This age of the internet is all about decentralization.
Only a few years ago, during the “bursting of the dot-com bubble”, almost an entire generation concluded that the internet is over hyped and turned its attention elsewhere, thus leaving place to a new generation of technology and models to get center stage and turn the tables out in cyberspace. Web 2.0 does not mean there’s a new version of the internet out there, it’s not a technical specification. The term was promoted, according to Wikipedia, by O’Reily Media in 2003 and it’s explained in depth in the “What is Web 2.0” article.
The decentralization is the main concept that made the tables turn on the web and building a presence out in cyberspace these days has to consider the beneficial aspects of what took place. For marketers and brands, it’s still a headache, since the “portal” which was the key of the “first age” or “first generation” of internet communities is no longer the key to getting the word out. This time, the “consumer” is mastering its own universe and products and brands are orbiting around them. Bloggers and online communities go around constraints. It is human nature to avoid barriers and wherever one is encountered online, the stream goes around and ignores the constraint to a degree that may throw the site, brand or portal to internet’s shed and thus dramatically hurting its business. Blogging, social networking, search engines and friendly directories on the other hand are the new community and here is where “word-of-mouth” is happening and getting a recommendation about a product values more than all the publicity around it.
Excellent examples of Web2.0 websites are YouTube, MySpace, Flickr, Digg, Del.icio.us or Technorati to name a few and, of course, Google which probably represents to Web 2.0 what Netscape meant to the internet before the turn of the century. There is a wealth of information out there so when you start your web presence, know that you should consider it.
Not everything that has the 2.0 extension at the end is really about web 2.0 though. It’s a concept and an age of the internet and many are trying to take a profit out of internet rookies by selling web 2.0 related items. Just use your better judgment and look for reviews in those wonderful online communities. Joining these new and dynamic communities is exciting and fulfilling as it opens up, literally, the planet and connects you to whatever is actually making news out there.
There has never been a better and easier time to join and get connected and for a website publisher or webmaster.
I’ve put together this list of ideas to get you started. Please comment and add to this list so that the web can benefit from it.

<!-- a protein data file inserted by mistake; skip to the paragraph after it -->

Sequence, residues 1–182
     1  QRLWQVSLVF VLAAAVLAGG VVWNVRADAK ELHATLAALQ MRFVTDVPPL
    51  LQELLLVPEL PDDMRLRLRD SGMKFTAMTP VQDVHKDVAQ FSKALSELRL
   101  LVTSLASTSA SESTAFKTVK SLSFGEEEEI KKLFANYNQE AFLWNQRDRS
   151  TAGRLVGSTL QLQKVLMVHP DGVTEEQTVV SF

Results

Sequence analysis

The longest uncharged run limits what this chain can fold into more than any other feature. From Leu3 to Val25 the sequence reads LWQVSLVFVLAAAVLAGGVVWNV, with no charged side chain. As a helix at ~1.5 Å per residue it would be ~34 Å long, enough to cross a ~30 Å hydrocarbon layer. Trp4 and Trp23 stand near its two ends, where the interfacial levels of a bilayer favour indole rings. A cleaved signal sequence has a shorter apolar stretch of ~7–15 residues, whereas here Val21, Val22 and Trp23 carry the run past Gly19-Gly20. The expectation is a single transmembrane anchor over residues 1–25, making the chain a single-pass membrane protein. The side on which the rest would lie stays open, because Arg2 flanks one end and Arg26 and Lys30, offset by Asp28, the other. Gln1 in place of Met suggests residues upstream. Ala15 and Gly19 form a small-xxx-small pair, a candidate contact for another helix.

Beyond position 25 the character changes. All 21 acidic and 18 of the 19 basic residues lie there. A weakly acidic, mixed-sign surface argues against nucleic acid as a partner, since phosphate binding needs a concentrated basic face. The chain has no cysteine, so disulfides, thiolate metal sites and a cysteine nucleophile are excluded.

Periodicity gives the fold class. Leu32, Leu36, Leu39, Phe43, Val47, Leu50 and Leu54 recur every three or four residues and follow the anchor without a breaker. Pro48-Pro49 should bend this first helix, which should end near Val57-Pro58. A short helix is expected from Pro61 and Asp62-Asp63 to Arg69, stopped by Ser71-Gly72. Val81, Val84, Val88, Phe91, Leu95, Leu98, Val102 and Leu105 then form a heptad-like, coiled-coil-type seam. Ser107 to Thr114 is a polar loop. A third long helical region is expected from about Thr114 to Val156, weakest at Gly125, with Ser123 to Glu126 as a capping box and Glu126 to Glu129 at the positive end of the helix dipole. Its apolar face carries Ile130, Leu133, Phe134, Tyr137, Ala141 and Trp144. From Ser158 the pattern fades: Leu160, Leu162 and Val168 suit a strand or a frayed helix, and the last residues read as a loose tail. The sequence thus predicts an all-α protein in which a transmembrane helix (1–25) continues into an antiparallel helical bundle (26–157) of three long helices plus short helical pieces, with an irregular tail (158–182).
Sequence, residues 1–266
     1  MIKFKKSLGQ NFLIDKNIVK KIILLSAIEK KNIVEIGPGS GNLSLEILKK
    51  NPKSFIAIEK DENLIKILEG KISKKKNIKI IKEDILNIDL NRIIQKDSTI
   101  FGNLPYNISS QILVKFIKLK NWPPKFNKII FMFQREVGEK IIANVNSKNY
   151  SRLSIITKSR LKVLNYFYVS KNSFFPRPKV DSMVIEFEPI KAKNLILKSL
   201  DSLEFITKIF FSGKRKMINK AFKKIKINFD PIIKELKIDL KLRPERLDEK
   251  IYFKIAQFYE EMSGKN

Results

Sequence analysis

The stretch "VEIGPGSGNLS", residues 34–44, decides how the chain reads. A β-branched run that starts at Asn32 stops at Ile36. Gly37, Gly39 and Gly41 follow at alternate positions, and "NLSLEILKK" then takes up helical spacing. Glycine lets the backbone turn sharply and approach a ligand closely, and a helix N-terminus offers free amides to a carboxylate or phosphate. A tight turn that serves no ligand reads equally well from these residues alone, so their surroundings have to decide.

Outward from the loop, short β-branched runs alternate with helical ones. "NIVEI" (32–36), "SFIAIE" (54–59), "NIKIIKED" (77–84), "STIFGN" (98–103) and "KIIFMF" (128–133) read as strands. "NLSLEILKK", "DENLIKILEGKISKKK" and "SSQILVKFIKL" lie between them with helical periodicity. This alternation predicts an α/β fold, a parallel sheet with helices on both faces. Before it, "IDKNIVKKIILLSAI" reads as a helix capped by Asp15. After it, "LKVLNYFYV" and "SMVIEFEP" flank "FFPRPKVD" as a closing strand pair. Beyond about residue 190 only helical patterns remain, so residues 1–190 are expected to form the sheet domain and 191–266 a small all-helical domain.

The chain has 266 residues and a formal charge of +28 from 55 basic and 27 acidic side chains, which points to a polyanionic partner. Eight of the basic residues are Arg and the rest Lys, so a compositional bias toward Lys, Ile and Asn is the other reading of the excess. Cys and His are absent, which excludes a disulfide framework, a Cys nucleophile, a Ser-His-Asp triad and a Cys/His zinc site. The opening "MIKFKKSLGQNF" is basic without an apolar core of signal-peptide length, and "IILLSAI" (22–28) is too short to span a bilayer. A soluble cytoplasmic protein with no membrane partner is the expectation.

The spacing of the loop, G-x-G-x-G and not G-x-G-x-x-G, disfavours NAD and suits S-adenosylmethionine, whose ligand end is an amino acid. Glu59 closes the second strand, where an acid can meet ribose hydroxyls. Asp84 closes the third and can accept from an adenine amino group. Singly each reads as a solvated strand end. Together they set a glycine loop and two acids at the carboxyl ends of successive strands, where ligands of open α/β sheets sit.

- Write a paragraph about what your website stands for and submit it to share sites like Digg, Reddit or Now Public. Bookmark your site on Del.icio.us and submit your site to StumbleUpon. Submit your following articles from your press section to those directories when you publish them on your site. If you’re writing for geeks, submit your site to Slashdot too. Here is a top 10 social bookmark links list from About.com.
- Create a Google Group or Yahoo Group covering your site topics.
- Create a blog and use it to be honest about your site or your interests. A blog is personal and the language used is less formal. You can actually write in a blog, responsibly but “off your company’s record”. Try using Blogger, Word Press or MySpace. I am also using Freewebs but I find Blogger to be the easiest to use. Now if you do that, you should join Technorati and claim your blog.
- Submit your site to search engine friendly directories and DMOZ.org. This process should be free but it’s time consuming.
- Most blogging directories offer Real Simple Syndication (RSS feeds) by default. You should use it for your site’s news section too. As soon as you have an RSS, submit it to feed aggregators like FeedBurner or Squidoo. Some of those aggregators offer you the possibility to send out a newsletter with the newest articles, automatically.
- Test your site and make sure it appears correctly in all major browsers. We are living wonderful times for testing site appearance on different browsers and making sure that the site is compliant to W3C standards and looks good across browsers since Safari, the web browser used on Mac, is now available for windows too so you can have all the browsers on one OS to test with, unless you develop on Mac and you have IE5.
- Use excellent portals like YouTube and Google Video to post video and Flickr, Photobucket or Picasa Web Albums to publish photos.
- Search engines love XML sitemaps. You can submit that to Google webmaster tools and keep an eye on your site’s traffic with Google Analytics or the new set of tools from Yahoo, the Site Explorer.
Publishing advertisement and having high page ranking are good for the morale, but most visitors use ad-blockers and optimizing for search engines is a continuous job and there are professionals out there doing just that, keyword: “SEO Optimization”. Those are not the goals of the new websites and, if high page ranking helps, it does not guarantee popularity. For designers, digital-web offers a nice article about web 2.0 from the designer perspective.
I will not go into depths about what each of the sites mentioned above stands for. Research is probably the most enlightening experience one can have and I leave it all to you. Comment and add items to my lists and keep in mind that web 2.0 is all about social media, the consumer takes center stage, and that changes the world.